If your language of choice matches all suggestions from the previous sections you can easily build a statically linked executable for any major OS. You can give that executable to your users and they can run it as is. This is super useful for testing early builds or custom flavors of your app. It does require some effort from your users to set up their PATH to include your executable. That's something a package manager can help with.

Another argument in favor of using a package manager is upgrade flow. You will inevitably release new versions of your CLI. Package manager will alert your users that a new version is out and will make upgrading easy. It's hard to overstate benefits of having users on the latest versions of your app.

If you base your tool on a cross-platform technology like Node chances are that ecosystem has a preferred package manager, like npm. If you choose to build native executables you should look for native package manager. This is where cross platform approach makes things easier. However, having your app compile into standalone executable simplifies integration with multiple package managers.

You will need to consider your users' habits when choosing package managers. Mac users are probably used to Homebrew. Linux has more diversity. You can start by building a Debian package, then listen to your users' feedback and include more packages as they are requested. On Windows the situation is not so clear. Chocolatey is one option, but it may not be widely adopted by your users. As a rule you should avoid forcing users to adopt a new tool just to install your app. If it come to that prefer manual installation process.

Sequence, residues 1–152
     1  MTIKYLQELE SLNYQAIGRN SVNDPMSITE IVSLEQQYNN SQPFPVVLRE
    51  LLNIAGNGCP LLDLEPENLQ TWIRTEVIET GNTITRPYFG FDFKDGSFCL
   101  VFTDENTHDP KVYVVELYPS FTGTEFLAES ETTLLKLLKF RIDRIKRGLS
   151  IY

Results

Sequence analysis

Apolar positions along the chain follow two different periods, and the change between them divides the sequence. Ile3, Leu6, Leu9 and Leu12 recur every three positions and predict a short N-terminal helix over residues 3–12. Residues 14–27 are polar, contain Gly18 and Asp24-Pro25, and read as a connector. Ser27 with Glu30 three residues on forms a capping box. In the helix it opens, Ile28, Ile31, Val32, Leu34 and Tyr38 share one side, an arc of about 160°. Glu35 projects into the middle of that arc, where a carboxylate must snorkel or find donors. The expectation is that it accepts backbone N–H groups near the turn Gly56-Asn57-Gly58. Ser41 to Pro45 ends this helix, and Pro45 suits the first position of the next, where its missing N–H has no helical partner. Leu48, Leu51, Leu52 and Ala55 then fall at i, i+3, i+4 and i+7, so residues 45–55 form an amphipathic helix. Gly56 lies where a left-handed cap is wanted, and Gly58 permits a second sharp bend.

What I ended up with

For a language I picked Go. It provides dead simple compilation into a single statically linked executable for all major OS platforms. It comes with very strong standard library, good APIs for interacting with underlying OS and a vibrant open-source community.

If your audience allows for it you might be able to stick with Node + npm combination. Alternatively you might pick some other natively compiled language. For example Rust is one popular option, though compilation for multiple targets is a bit more involved than with Go. You can find more about using Rust to build CLIs here. Lastly, you can even use Java with something like GrallVM. With Grall you can build native executables that don't require JRE to run.

For packaging I choose to create Homebrew and Debian packages. Both builds were relatively simple to automate using Jenkins CI. Homebrew in particular is easy as all it requires is a Git repository with a Ruby script describing your package. Since my CLI is used internally at work, I publish my packages to internally hosted Bitbucket and Artifactory. My Windows users do not have a favorite package manager, so I leave them with executables they can simply download anywhere onto their PATH and use like that.

Next up

In the next installment of this blog series I'll go over what makes CLI app a good command line citizen. I'll cover topics like usability and consistency. If that seems like something you would be interested in consider: